Gender diversity feeds organizational excellence because men and women differ in how they use leadership behaviors.
Evidence for these claims is presented in Women matter 2: female leadership, a competitive edge for the future (WM2). McKinsey’s second Women matter publication focuses on the relationship between leadership behaviors and organizational excellence.
As I discussed in Woman matter: gender diversity, a corporate performance driver (WM1), the first report establishes a correlation between organizational excellence and having a minimum of 30% women among top leadership.
This second study tries to find out why. Why would the presence of women in leadership positions yield enhanced organizational performance? In WM2, focus is placed on one possible answer, namely variation in leadership behaviors.
Drawing from independent research, WM2 identifies nine leadership behaviors that enhance organizational performance.
Five of these are used more often by women: people development, expectation & rewards, role models, inspiration, and participative decision making.
Two are used by men and women with equal frequency: intellectual stimulation, and efficient communication.
And two are used more by men: control & corrective action, and individualistic decision making.
While all nine of these enhance corporate performance, they naturally affect different components of the organizational performance measures that were identified in WM1.
With more women in leadership positions, companies will be rated higher on those components of organizational excellence that are positively influenced by the leadership behaviors that women favor.
For example, work environment and values is an excellence factor that is positively influenced by two leadership behaviors, namely people development and participative decision making. Since women leaders use these two behaviors more than their male colleagues, the presence of women will positively affect work environment and values scores.
By connecting particular leadership behaviors to specific aspects of organizational excellence, we are given deeper insight into the findings from WM1. WM1 established a correlation between the presence of women in leadership and organizational excellence. But there was no basis for suggesting a causal relationship.
When we understand that individual leadership behaviors are a source of influence on organizational excellence and when we tease apart gender differences in the use of the various behaviors, we begin to see a relationship that looks more like causation.
The presence of women in leadership positions causes enhanced organizational excellence because some leadership behaviors are used more often by women than men. Those behaviors yield higher scores for some components used to measure organizational excellence. Hence, they produce an overall increased evaluation of the excellence of a particular organization.
The nine leadership behaviors, however, are not of equal value in facing the biggest challenges upon us. 1000 business executives were asked to rank the importance of certain long-term global trends for their companies. Then they were asked what kinds of leadership behaviors were necessary to tackle the challenges represented by those trends.
The executives consistently identified four leadership behaviors as crucial for their future performance: intellectual stimulation, inspiration, participative decision making and expectations & rewards. Intellectual stimulation is used equally often by men and women leaders, but the other three are used more by women.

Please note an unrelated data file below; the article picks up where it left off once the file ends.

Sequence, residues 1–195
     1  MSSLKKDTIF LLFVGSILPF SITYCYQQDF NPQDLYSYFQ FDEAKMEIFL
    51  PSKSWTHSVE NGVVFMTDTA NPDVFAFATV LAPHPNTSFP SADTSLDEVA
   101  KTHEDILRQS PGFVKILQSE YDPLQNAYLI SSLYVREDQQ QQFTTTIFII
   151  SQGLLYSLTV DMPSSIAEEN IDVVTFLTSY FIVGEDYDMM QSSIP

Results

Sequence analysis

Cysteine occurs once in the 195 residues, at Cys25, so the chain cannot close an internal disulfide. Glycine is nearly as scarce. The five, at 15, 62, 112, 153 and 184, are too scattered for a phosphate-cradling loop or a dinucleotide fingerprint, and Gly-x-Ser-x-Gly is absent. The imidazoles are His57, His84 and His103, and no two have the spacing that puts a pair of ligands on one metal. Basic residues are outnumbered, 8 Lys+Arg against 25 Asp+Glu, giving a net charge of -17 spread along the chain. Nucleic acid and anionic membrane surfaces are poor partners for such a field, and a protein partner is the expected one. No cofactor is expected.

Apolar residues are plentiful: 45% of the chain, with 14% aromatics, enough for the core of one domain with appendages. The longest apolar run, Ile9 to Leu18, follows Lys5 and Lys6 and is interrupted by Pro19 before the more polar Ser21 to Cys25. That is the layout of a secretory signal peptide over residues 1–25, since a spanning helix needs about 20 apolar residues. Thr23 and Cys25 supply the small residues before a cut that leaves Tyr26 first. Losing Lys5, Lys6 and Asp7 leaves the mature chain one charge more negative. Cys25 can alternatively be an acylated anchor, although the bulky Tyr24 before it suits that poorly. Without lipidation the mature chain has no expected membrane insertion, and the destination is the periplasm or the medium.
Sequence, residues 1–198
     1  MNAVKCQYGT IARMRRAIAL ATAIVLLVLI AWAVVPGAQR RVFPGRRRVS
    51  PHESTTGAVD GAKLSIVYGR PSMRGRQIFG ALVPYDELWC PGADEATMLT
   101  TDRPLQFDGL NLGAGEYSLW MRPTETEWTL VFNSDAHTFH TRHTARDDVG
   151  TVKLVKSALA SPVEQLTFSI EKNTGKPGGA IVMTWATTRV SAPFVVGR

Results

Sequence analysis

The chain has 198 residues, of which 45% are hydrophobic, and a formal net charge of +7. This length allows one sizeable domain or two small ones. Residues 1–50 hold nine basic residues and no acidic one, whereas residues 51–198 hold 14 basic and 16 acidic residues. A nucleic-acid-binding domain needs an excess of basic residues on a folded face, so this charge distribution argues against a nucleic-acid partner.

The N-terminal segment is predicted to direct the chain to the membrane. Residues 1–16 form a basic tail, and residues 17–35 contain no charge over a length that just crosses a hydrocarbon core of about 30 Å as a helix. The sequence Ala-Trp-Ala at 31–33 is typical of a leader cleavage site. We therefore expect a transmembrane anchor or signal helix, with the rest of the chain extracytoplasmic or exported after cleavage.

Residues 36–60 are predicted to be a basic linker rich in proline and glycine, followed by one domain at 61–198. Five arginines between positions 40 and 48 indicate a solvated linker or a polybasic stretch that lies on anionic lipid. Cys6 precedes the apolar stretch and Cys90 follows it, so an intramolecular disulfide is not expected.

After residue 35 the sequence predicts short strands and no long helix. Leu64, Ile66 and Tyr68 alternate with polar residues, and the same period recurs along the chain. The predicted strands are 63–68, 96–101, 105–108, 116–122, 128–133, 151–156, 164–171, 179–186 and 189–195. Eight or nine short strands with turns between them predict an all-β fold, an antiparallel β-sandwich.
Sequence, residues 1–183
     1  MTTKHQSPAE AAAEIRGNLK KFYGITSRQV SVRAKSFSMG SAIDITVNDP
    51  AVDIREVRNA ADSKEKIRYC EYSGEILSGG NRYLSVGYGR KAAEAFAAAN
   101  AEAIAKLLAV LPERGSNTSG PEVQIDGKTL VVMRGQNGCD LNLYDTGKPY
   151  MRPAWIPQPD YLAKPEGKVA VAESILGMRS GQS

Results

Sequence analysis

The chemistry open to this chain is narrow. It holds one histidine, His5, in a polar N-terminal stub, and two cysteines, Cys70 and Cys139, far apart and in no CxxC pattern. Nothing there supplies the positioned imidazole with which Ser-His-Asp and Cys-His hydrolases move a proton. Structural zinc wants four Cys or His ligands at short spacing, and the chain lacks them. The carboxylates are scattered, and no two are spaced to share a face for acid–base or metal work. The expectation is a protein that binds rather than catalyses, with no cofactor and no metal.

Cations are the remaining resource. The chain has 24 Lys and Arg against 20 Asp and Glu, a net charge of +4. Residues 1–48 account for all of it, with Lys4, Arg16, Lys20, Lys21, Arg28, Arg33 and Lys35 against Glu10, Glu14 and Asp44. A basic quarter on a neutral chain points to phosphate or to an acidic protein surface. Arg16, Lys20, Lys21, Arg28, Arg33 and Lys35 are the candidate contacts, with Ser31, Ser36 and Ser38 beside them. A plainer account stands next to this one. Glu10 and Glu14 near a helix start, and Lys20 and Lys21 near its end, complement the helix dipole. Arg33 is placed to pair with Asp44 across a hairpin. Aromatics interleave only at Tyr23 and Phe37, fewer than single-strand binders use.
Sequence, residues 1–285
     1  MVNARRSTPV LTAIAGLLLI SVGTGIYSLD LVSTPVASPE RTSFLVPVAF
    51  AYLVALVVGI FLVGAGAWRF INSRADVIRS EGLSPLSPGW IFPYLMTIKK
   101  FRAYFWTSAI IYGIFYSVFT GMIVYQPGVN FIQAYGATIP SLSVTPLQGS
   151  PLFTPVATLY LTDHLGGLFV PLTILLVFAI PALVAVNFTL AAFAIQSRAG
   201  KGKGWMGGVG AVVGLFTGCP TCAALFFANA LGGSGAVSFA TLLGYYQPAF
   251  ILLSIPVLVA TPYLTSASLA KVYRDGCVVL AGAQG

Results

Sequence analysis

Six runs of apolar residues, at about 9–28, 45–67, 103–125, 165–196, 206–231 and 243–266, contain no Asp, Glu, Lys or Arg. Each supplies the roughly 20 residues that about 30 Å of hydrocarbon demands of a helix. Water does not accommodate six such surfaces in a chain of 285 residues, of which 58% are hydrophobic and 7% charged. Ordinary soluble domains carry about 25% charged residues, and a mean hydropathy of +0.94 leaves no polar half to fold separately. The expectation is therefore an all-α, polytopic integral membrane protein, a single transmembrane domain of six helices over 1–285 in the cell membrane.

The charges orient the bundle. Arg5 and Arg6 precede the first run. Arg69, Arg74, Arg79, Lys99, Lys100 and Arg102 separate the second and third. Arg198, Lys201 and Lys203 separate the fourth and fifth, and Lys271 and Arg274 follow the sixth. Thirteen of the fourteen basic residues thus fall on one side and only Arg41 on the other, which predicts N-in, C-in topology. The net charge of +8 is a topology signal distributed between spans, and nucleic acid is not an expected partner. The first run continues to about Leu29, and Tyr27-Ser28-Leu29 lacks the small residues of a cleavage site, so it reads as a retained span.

Pulling it all together, the report offers a significant conclusion.
Gender diversity has all the key attributes of a competitive advantage: it is difficult to create, it is strongly conducive to current performance, and it is critical for future achievement.
Of course, what is true of a group need not be true of every individual in that group. For that reason, we need comprehensive leadership development programs for both men and women.
This is true at universities, too. We do scandalously little to prepare people for leadership positions. Only once have I heard a PhD student talk about a career path that included first research and teaching, and then leadership. Young academics simply don’t consider this option, and we do nothing to encourage them.
Many universities, however, have at least reached the point where we work with those who have landed in leadership positions to help them do their jobs well. When we train colleagues in leadership, we must create the opportunity for enhanced self-awareness about individual leadership behaviors, as well as the opportunity to learn new ones.
What about organizational excellence? How is that concept relevant for universities? We all care about excellence in education and excellence in research. But do we care about whether or not our university is excellent as an organization?
When I study the research, I conclude that the daily pursuit of excellence in our universities as organizations will enhance the quality of our teaching and research. I believe that increased diversity will be crucial to that pursuit. Do you?
I encourage you to republish this article online and in print, under the following conditions.
- You have to credit the author.
- If you’re republishing online, you must use our page view counter and link to its appearance here (included in the bottom of the HTML code), and include links from the story. In short, this means you should grab the html code below the post and use all of it.
- Unless otherwise noted, all my pieces here have a Creative Commons Attribution licence -- CC BY 4.0 -- and you must follow the (extremely minimal) conditions of that license.
- Keeping all this in mind, please take this work and spread it wherever it suits you to do so!